The researchers compared 109 Washington state young women diagnosed with stroke to 428 young women without a stroke who lived in the same areas of Washington state and were of similar age and background. Almost half of the women who had a stroke reported having a family history of the disease.

The effect of family history remained even after accounting for other factors such as diabetes, high blood pressure, high cholesterol, physical activity, smoking and alcohol use and family history of heart disease, Kim and colleagues found.

However, the researchers concluded that high blood pressure and smoking were good independent predictors of the risk of ruptured-vessel strokes. Diabetes, high blood pressure, lack of exercise and body mass index predicted the risk of blocked-vessel strokes.

Kim and colleagues say it's unclear exactly why a family history of stroke affects a woman's risk of stroke at any age.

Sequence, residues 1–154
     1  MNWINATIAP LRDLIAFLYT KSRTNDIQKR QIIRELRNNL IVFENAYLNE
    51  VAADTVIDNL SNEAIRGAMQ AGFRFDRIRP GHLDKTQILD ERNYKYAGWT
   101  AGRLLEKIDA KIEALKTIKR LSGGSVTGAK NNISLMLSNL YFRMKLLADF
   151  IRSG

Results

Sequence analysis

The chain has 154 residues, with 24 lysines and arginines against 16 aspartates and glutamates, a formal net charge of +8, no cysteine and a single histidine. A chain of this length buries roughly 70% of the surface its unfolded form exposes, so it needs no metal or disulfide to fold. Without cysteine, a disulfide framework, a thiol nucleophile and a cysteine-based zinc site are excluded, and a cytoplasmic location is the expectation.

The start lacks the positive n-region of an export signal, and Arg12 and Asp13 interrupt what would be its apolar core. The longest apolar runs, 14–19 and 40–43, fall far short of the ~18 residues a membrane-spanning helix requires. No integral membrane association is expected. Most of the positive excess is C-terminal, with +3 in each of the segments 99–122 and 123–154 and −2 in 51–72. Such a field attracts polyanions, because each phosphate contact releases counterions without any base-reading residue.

"Considering that stroke is the second major cause of mortality in women, further research should be focused on identifying the reasons for familial aggregation of stroke, be they genetic, environmental or, more likely, a combination of both," Kim says.

###

The study was supported by the National Institute for Child Health and Human Development and the National Heart, Lung, and Blood Institute.


Story Source:

The above story is based on materials provided by Center For The Advancement Of Health. Note: Materials may be edited for content and length.


Cite This Page: